Rob responded - Now THAT would certainly cause some stress on the alternator pedestal. It has the spinning weight of the fan on one end, and the
downward force of the tightened fan belt on the other. No wonder it cracked. But I can't see you leaving four bolts out altogether, but then if they
were there, where are they now??? They have nowhere to go except inside the engine compartment. Didn't have four spare bolts last time you dropped the
engine did you?
Dave wrote - I haven't had time to have a thorough look -- they may be there inside the engine compartment. You know, both bolts that hold the oil
cooler tin in place also vibrated loose, and this afternoon I also discovered the cause of the recent intermittent miss -- the nut on the positive side
of the coil had vibrated loose, and the wire was just loosely connected!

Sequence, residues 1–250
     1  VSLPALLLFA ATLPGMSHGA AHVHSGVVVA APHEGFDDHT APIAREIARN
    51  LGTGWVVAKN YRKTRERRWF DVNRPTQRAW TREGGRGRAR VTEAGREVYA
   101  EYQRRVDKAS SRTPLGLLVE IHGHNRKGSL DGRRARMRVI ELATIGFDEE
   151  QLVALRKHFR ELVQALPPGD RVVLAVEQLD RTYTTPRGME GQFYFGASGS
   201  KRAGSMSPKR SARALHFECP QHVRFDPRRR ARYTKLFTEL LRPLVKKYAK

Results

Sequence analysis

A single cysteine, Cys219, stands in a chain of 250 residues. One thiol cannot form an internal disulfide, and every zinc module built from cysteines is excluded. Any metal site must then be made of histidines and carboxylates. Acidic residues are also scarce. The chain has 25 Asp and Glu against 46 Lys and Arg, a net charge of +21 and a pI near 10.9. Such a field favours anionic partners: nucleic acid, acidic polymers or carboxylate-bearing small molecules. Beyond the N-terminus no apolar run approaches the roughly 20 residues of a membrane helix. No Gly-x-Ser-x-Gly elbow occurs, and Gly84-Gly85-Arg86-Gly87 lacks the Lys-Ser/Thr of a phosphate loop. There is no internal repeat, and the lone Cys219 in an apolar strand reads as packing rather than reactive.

Dave wrote to "Speedy Jim" - I have a very perplexing problem with my '73 SB ... For the
second time in our experience with this car (2-1/2 years), the alternator pedestal has broken in two -- a circumferential crack all around the base of the
pedestal. This was the first of many problems that we have repaired in this car since we purchased it in June 1997; now it has happened again.
By way of background -- this car (chassis no. 133-3001-550) was built late in the 1973 model year. The engine in the car was replaced by a PO with a
1971 model (#AE320891) that is equipped with an alternator with an exterior voltage regulator (under the rear seat). VW changed from a generator to an
alternator in mid-1973, so originally this engine had a generator rather than an alternator. I don't know whether this change has somehow altered the
system so as to put excessive stress on the alternator pedestal, but it's a consideration.
Not only is the alternator pedestal broken in two, but ALL FOUR of the fan cover bolts have worked themselves loose and are missing!
The bolts associated with the oil cooler tin have also worked themselves loose. I don't know whether this is cause or effect.